Louis Prima

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Louis Prima (7 December 1910[1] – 24 August 1978) was a Sicilian-American singer, actor, songwriter, and trumpeter. Prima rode the musical trends of his time, starting with his seven-piece New Orleans style jazz band in the 1920s, then successively leading a swing combo in the 1930s, a big band in the 1940s, a Vegas lounge act in the 1950s, and a pop-rock band in the 1960s. In each of his musical endeavors, he incorporated his exuberant personality into his act.

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Early life and career

Prima was born into a musical family in New Orleans. His family emigrated from Sicily, Italy, and after a brief stay in Argentina settled in the United States. Louis Prima attended Jesuit High School but was expelled for misbehavior.[2] Prima studied violin for several years as a child. His older brother Leon was a well regarded local bandleader. Prima was proud of his heritage, and made a point of letting the audience know at every performance that he was Italian-American and from New Orleans. His singing and playing showed that he absorbed many of the same influences as his fellow Crescent City musician, Louis Armstrong, particularly in his hoarse voice and scat singing.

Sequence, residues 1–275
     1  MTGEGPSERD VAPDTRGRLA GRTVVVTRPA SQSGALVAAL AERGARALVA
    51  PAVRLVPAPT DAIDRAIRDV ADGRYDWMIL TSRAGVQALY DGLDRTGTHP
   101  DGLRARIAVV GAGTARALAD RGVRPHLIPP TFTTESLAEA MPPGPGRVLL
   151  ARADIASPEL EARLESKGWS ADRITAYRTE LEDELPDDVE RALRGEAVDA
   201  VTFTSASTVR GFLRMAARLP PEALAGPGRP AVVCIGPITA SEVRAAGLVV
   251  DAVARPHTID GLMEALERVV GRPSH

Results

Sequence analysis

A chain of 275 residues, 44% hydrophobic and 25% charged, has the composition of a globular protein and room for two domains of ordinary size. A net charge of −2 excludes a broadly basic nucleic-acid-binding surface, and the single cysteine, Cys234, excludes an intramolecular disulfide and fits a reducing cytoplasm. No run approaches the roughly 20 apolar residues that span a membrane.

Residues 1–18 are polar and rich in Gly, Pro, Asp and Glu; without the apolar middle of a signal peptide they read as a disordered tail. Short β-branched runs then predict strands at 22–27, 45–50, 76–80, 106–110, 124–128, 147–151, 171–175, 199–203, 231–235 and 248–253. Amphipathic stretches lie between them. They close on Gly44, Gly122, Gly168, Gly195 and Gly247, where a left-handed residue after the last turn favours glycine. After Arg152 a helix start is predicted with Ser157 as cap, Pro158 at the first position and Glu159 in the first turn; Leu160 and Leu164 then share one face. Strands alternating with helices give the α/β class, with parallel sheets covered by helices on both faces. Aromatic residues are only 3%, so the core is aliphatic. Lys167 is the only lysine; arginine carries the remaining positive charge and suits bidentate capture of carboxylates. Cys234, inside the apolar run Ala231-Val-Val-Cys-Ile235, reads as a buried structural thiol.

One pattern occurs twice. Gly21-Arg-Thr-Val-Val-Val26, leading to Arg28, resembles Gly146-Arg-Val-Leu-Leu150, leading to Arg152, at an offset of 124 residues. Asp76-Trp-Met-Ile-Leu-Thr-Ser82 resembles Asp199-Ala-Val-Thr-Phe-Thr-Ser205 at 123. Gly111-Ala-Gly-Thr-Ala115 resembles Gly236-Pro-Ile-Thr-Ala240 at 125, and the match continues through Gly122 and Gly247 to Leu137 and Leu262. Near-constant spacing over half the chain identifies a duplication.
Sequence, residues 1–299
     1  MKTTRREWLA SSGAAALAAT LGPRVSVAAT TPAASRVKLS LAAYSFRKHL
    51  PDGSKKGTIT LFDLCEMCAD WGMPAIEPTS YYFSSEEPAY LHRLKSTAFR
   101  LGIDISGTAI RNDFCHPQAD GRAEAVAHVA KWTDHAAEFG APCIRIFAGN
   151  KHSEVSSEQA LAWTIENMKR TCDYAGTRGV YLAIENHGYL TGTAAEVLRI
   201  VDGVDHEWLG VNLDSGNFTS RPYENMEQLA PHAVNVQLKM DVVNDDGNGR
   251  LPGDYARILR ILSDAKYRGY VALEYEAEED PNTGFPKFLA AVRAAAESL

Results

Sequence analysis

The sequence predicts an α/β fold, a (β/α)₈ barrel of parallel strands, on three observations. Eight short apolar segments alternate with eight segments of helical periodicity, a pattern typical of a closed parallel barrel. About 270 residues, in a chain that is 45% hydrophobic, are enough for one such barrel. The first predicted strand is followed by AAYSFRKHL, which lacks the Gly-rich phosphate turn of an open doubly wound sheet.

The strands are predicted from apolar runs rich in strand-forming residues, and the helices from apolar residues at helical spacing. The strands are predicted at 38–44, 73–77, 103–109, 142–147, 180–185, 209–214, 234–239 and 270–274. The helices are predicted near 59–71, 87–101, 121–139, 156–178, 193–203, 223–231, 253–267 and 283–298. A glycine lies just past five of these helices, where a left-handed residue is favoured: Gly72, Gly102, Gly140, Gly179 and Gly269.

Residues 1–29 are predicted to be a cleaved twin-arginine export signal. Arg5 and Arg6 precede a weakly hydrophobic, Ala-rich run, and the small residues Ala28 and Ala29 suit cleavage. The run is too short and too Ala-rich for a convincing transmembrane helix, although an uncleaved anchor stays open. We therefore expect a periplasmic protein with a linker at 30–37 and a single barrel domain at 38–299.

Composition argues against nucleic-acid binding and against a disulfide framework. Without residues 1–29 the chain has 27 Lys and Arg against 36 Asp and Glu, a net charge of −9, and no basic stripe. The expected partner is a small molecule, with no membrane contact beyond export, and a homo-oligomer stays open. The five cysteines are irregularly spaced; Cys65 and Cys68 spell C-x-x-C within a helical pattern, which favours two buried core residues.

In his youth, Prima played trumpet with Irving Fazola, his brother's band, and the pit band of the Saenger Theater. In 1933 he began his busy recording career, as part of the David Rose orchestra at station WGN, Chicago; he was also part of the small recording group The Hotcha Trio, with Rose on piano and Norman Gast on violin. In 1934 Prima moved to New York, working regularly on 52nd Street with old New Orleans friends like Eddie Miller (tenor sax and clarinet) and George Brunies (trombone), and also new acquaintances like Pee Wee Russell (clarinet). Prima's informal jazz group was known as Louis Prima and His New Orleans Gang, and this band recorded prolifically for Brunswick through 1936, and then for Vocalion and Decca.

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